Thursday, March 17, 2022

Brief History of the United States Army Corps of Engineers


Today I want to give a brief history of the Army Corps of Engineers because my hero, Edward Pritchard, in Angelina’s Resolve served in the Army Corps of Engineers during the Civil War. He wasn’t the officer in charge, just one of the many soldiers who worked on their projects. The responsibility of the ACE has expanded over the decades into the civilian sector because of their efficiency and the talented Engineers who serve.

The Army Corps of Engineers serves in three areas: Engineer Regiment, military construction, and civil works. Their duties are to overcome obstacles, construct fighting positions, place explosive devices and detonate; clear debris and various other things, plant and detect mine fields, and join in combat if needed. Over time they have become a vital part of working in the civilian sector during natural disasters. They’ve designed bridges, canals and railroads as well as equipment to assisted in road and rail construction and water travel safety. 

Time line:

June 16,1775 the Continental Congress formed the Army Corps of Engineers. General Richard Gridley became George Washington’s first chief engineer. He and his two assistance were tasked with building fortification at Bunker Hill. They requested the assistance of France’s Corps of Engineers to train them. Many of the first engineers for the Continental Army were former French officers.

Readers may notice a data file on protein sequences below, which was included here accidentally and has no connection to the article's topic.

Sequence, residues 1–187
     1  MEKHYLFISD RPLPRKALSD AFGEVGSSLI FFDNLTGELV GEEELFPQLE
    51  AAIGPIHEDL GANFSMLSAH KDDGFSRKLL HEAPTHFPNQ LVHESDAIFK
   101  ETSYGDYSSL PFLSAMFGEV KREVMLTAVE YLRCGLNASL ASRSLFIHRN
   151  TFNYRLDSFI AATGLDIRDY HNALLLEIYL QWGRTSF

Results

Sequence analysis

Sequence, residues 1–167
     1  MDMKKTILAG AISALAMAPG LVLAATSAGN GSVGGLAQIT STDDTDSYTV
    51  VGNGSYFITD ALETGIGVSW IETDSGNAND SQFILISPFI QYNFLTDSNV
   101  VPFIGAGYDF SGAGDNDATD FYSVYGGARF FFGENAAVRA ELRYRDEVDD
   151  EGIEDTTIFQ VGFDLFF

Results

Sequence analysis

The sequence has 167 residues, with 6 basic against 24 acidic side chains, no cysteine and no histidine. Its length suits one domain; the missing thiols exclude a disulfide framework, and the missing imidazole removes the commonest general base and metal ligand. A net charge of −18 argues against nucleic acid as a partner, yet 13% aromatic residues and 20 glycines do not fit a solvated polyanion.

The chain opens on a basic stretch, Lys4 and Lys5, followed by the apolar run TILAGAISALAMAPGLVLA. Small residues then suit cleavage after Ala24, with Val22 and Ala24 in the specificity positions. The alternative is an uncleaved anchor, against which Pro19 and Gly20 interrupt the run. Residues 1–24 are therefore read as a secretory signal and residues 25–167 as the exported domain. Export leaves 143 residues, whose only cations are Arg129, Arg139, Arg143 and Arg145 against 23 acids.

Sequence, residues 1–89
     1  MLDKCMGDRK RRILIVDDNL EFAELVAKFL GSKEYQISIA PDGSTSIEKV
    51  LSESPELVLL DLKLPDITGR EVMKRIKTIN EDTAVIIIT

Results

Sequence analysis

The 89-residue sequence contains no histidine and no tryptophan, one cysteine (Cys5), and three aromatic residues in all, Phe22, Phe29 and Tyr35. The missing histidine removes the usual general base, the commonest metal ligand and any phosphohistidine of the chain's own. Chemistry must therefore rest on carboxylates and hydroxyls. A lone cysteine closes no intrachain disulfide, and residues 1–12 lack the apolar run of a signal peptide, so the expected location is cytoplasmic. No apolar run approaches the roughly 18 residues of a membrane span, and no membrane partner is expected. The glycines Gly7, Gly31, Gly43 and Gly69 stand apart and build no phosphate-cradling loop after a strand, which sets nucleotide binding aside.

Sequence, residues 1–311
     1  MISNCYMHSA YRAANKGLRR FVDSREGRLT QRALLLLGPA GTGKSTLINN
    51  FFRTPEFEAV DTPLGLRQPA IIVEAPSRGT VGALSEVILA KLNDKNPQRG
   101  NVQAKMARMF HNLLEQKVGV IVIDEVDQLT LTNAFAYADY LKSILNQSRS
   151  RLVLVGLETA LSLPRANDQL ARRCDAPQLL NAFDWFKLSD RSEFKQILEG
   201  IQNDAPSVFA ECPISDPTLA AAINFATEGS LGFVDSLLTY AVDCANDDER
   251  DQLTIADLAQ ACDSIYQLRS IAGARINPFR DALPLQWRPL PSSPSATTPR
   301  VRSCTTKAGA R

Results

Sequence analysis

February 1783 it was disbanded, it appears to be a political move because it was established in Washington’s administration. They were combined with the Corps of Artillerists as a joint unit.

March 16, 1802 Thomas Jefferson reestablishes the Army Corp of Engineers and it was stationed at West Point. Up until 1866 West Point was the only place to receive engineering training and the commander of West Point was always an Engineer.

1824 ACE was assigned to survey roads and design ways to make it easier to navigate American waterways. Tree trunks and other debris made river travel a hazard.

1838 The Topographical Engineer division was separated from ACE and focused on mapping, designing and constructing costal fortification and navigating coastal routes.

1841 Congress created The Lake Survey and ACE conducted a hydrographical survey of the Great Lakes and prepared and published nautical maps, charts and navigational aids.

1850s created a Lighthouse district in cooperation with the US Navy.

Civil War

Many of those engineering graduates took on leadership roles during the Civil War. Union generals George McClellan Henry Halleck and George Meade; and Confederate generals Robert E. Lee, Joseph Johnston and P.G.T. Beauregard. The Confederate forces placed and engineer in every military unit to better build defenses against the Union army.

The ACE on both sides if the conflict created pontoon (floating) and railroad bridges, forts, and batteries. They destroyed enemy supply lines (including railroads.) with their explosive knowledge. Engineers on both sides of the conflict proved to be invaluable.

1884 Under the direction of Lt.Colonel Thomas Lincoln Casey the Washington Monument was completed